Last week I was able to see a live demonstration of the Nvidia 3DTV Play in action. The software was running on Sony 3D and Panasonic 3D HDTVs and demonstrated on them was playing games in stereoscopic 3D mode as well as Blu-ray 3D movie playback using PowerDVD 10 Ultra Mark II. And after seeing it in action for the first time I was able to clarify some things for myself and it yet again has sparkled my interest into 3D-capable HDTVs, because with the general lack of other 3D content the part about PC gaming in stereo 3D mode on a big-screen 3D TV is what would actually justify the purchase of a high-end television set with 3D capabilities‚?¶
The 3DTV Play software seems to act like a kind of wrapper providing 720p 50/60Hz and 1080p 24Hz per eye resolutions for 3D playback and using the 3D Vision driver that is now a part of the video drivers for GeForce video cards. Trying Just Cause 2 running at Full HD 1080p resolution and with 24 frames per second in 3D actually felt surprisingly good, fluid just like playing most games on a console, and although not like the way PC users are used to play with higher framerates it is still Ok. Of course playing in 720p resolution with higher framerates might be better and actually the difference in perceptible quality between playing in 1080p and 720p taking the framerate aside is not so easily noticeable. The software seemed to work quite easy and problem free, although it most likely wasn't the final version that should be soon released.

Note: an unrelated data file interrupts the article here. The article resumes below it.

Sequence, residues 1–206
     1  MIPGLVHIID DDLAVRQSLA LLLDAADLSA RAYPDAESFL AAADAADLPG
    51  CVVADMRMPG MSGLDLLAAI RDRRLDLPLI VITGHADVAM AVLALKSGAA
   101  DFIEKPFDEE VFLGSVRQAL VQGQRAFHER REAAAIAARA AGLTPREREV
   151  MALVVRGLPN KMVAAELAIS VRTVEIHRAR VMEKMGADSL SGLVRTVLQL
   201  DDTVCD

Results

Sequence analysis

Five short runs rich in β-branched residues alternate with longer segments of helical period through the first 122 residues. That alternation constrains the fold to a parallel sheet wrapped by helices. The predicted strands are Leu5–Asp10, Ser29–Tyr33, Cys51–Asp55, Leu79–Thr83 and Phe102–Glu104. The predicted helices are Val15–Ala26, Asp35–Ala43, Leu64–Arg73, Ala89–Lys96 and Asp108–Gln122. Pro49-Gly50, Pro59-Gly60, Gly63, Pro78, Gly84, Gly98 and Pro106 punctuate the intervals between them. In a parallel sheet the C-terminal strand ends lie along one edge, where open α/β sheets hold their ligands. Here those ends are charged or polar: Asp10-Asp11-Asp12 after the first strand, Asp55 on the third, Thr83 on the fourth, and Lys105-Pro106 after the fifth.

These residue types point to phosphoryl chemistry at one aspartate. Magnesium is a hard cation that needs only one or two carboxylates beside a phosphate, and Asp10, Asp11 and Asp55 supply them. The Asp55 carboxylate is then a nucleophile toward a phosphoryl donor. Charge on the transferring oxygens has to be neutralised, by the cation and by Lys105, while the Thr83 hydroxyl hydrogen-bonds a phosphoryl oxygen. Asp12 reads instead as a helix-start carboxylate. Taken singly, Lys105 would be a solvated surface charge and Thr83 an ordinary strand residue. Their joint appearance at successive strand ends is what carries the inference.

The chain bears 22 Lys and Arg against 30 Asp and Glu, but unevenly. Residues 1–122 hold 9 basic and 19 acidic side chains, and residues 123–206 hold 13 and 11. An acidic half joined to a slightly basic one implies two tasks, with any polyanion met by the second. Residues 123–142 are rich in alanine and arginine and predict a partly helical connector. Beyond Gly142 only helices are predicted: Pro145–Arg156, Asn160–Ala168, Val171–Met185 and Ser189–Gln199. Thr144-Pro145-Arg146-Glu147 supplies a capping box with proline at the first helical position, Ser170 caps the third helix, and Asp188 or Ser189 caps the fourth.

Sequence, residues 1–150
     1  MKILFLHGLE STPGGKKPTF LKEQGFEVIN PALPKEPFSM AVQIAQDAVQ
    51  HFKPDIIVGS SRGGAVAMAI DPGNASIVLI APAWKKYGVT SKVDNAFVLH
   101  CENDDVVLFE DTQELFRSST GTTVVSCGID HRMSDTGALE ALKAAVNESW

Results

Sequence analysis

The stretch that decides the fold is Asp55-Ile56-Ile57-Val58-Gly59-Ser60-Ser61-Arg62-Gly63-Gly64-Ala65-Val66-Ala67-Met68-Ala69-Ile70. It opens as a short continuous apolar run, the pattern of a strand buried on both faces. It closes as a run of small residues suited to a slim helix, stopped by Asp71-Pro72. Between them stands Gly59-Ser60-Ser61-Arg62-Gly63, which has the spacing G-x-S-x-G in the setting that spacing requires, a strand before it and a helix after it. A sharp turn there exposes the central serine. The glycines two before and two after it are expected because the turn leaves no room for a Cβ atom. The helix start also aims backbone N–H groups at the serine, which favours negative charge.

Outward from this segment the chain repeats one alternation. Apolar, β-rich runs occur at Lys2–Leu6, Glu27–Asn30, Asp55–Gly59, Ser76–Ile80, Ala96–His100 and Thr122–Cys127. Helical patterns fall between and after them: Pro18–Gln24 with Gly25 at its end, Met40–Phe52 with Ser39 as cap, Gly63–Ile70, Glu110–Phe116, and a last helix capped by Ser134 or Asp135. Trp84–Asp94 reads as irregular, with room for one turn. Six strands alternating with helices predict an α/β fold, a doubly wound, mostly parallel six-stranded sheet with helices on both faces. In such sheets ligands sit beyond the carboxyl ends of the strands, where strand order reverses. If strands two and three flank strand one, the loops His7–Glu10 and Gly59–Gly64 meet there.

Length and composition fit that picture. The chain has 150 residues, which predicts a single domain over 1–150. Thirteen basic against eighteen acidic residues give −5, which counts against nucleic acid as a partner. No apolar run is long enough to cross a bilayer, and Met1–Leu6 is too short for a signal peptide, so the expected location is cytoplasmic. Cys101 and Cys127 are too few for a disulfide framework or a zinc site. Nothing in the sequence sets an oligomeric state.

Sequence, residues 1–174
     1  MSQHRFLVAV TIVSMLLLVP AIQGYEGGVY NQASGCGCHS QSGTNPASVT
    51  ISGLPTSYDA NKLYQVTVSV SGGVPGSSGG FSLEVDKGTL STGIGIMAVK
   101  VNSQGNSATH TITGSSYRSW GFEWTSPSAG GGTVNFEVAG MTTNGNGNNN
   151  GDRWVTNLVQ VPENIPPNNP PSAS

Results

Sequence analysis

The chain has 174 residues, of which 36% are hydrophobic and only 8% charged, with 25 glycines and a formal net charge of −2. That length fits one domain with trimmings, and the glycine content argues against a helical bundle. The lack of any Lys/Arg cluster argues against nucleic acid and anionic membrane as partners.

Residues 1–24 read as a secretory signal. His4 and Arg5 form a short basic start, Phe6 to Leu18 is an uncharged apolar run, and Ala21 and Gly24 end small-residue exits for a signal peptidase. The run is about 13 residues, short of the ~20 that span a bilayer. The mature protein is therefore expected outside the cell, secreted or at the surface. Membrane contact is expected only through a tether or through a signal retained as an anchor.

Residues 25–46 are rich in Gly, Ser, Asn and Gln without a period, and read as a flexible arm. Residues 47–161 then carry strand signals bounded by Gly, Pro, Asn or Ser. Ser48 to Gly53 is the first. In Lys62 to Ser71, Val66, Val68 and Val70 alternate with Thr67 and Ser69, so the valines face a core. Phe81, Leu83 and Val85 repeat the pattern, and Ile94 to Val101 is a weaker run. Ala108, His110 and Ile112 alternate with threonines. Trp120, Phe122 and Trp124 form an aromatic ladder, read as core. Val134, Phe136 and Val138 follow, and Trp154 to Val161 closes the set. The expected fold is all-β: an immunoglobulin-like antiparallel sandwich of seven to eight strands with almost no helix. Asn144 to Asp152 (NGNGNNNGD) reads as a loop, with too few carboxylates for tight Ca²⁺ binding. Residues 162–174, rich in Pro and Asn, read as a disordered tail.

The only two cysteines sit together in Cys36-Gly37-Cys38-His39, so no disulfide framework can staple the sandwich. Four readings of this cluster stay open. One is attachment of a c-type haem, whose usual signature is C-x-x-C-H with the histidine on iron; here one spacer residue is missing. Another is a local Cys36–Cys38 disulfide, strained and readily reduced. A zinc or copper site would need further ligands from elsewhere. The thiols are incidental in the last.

The Nvidia 3DTV Play software is expected to be available sometime later this month, so the wait is almost over for the people that were early in actually buying a HDMI 1.4(a) 3D-capable HDTV and want to easily use it for gaming in stereo 3D. And since the Panasonic Viera 3D HDTVs are currently on top of my personal list on deciding which 3D TV I should probably buy for 3D testing and personal entertainment, I was more interested in how it performed in stereo 3D mode and in this case it was the 50-inch VT20E available in Europe.
Something that caught my attention was the dithering on the Panasonic, and since it is a plasma TV these flashing colorful dots on black are to be expected to some extent. Of course they are visible only when watching the TV screen from very close distance and when you get to the optimum viewing distance you cannot actually perceive them as they blend nicely creating the full image. The above image shows the dithering in normal 2D mode‚?¶
Here is another picture with the same image displayed on the screen, taken when the TV is in 3D mode, but not trough the glasses. The dithering is a bit more visible from closer distance, but again when getting back a bit from the TV things are again Ok. As I already said the dithering is normal for Plasma TVs, however it is less visible on some and more apparent on other TVs, so it is actually not an issue, I just expected it to be a bit less apparent as it is with the Samsung 3D Plasma TVs for example.
Anyway, another thing that differs the Panasonic 3D TVs is the fact that they do not feature a 2D to 3D conversion algorithm built-in, which is not exactly a bad thing and I personally can go just fine without such a feature. However I'm still not to happy with the design of the glasses, sure they do look quite nice and with a futuristic design, but the functionality part is a bit neglected‚?¶ in terms of best 3D shutter glasses on my personal list Sony is still at the top spot. But anyway, I will not be making a purchase of a 3D HDTV before the 3DTV Play software comes out officially and I'm able to play a bit more with it on different TVs as for me the purchase of such 3D-capable HDTV at the moment will be mostly targeted at gaming‚?¶ even if it is in 720p 50/60Hz, although quite a few games should be just fine when played back even in 1080p 24Hz too.
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